I feel humbled and corrected by the hon. Gentleman about the beauty of rural Sheffield, which I am sure matches that of the south downs; no doubt both areas have deprivation on a similar scale.
The most serious points made were about the extent to which the establishment of a body such as the CRC usurps powers and roles that should properly belong to local authorities. It is a great pity that, while the thrust of public debate is moving, as the hon. Member for Sherwood (Paddy Tipping) suggested, towards re-establishing power in local government, we are moving in the wrong direction by establishing this quango. There are issues about the extent to which rural authorities, even in an area such as mine, are sufficiently resourced to be able to deliver services to their areas. However, as an author of a new publication, “Direct Democracy”— I am sure that the Minister will have read it—that argues for a return of power to individuals, to local communities and, if possible, to local government from central Government, I think that it is a shame that that will not happen with this body.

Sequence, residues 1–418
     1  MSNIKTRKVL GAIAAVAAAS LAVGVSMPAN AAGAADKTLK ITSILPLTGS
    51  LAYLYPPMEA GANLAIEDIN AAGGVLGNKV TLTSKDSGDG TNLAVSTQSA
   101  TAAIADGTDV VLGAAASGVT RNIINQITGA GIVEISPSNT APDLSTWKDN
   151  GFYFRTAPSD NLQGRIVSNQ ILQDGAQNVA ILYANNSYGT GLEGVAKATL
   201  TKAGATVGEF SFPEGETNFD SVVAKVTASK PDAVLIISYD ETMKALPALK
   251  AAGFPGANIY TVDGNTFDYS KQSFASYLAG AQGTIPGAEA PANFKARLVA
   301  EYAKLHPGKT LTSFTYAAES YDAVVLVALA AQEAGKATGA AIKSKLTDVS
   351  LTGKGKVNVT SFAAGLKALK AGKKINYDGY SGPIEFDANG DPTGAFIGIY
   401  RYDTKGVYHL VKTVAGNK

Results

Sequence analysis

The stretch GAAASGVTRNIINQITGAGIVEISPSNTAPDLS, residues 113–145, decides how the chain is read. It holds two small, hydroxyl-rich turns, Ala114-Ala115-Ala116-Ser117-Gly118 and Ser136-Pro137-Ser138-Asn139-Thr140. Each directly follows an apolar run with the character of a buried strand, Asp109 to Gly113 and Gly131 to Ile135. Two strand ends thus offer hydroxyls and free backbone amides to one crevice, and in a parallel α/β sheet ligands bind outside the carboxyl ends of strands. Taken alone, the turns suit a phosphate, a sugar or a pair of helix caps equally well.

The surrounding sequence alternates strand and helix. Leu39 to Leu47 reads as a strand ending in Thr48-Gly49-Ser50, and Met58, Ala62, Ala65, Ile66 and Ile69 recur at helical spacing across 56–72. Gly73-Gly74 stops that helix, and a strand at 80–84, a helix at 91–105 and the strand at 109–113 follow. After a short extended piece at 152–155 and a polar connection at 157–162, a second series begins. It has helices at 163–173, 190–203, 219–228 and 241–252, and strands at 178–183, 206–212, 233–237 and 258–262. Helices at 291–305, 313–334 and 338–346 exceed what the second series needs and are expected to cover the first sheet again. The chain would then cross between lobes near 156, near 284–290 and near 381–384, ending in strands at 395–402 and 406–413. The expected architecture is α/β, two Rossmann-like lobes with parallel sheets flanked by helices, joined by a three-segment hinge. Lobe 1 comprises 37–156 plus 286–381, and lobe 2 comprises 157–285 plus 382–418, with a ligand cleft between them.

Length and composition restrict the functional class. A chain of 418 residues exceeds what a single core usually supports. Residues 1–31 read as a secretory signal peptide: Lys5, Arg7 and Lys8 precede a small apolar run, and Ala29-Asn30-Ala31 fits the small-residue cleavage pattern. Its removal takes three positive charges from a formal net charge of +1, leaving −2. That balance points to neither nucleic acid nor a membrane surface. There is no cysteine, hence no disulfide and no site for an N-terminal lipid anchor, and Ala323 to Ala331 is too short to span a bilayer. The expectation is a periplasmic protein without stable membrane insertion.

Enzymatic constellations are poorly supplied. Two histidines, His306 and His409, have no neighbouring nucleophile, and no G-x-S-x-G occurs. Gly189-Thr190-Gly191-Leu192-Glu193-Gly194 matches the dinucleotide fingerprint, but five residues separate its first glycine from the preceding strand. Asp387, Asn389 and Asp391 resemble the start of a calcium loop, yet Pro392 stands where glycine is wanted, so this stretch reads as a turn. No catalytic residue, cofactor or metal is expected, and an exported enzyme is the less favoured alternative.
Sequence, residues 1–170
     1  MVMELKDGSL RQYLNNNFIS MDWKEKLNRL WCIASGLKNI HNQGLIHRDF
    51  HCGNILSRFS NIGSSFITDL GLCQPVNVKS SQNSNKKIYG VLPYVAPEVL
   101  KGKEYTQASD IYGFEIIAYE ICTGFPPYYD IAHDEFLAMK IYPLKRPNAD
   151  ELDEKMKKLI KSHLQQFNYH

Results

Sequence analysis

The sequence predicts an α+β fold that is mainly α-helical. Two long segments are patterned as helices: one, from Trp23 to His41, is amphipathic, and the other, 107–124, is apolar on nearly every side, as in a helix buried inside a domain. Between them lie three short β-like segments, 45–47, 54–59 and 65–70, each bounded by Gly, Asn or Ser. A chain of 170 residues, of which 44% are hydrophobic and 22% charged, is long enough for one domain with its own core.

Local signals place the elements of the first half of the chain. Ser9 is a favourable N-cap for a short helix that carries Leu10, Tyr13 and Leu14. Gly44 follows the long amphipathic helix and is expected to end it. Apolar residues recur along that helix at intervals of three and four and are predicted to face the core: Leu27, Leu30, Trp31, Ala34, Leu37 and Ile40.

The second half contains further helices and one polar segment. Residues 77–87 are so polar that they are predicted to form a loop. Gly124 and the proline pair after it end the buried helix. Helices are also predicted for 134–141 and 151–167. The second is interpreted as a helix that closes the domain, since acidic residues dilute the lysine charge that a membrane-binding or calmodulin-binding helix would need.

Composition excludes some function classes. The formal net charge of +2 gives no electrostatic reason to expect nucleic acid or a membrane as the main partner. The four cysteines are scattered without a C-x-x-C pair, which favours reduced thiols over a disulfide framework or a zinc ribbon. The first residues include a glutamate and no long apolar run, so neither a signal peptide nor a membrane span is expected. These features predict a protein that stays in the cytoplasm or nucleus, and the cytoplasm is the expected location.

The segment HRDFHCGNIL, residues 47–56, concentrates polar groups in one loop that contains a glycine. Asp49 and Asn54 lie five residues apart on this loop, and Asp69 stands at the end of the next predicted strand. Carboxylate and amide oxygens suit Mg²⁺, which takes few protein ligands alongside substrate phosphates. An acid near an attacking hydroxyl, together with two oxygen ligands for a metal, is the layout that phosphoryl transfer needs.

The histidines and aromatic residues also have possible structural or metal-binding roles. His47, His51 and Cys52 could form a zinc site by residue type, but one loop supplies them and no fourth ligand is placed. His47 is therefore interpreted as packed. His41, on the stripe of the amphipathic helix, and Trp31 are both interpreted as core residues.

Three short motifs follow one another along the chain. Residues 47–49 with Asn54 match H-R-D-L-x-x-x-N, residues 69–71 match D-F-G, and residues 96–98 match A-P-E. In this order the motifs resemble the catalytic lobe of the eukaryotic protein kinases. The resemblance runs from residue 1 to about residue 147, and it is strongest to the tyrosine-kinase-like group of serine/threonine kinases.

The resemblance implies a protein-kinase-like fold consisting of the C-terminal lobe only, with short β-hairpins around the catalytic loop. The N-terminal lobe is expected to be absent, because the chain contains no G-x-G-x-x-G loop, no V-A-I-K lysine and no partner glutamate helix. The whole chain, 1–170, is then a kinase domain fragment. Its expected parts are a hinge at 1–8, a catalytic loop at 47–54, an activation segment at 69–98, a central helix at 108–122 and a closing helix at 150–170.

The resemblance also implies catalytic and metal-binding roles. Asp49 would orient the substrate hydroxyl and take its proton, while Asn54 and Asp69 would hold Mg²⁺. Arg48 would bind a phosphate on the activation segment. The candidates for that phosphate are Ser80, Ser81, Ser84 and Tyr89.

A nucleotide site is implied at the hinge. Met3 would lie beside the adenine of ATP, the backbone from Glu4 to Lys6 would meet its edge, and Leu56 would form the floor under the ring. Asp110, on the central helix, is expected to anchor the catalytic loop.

We should also consider the extent to which voluntary organisations have the advocacy role that is being conferred on this body. Establishing public bodies such as this crowds out the ability of voluntary organisations to represent rural areas. There is quite a serious issue about the extent to which the Government are establishing publicly funded bodies that use those public funds to argue for greater public spending in certain areas. Arguing for greater Government intervention is properly the role of civil society and voluntary organisations. Setting up self-perpetuating bodies arguing for more Government intervention and more Government spending seems to me to be wrong in principle.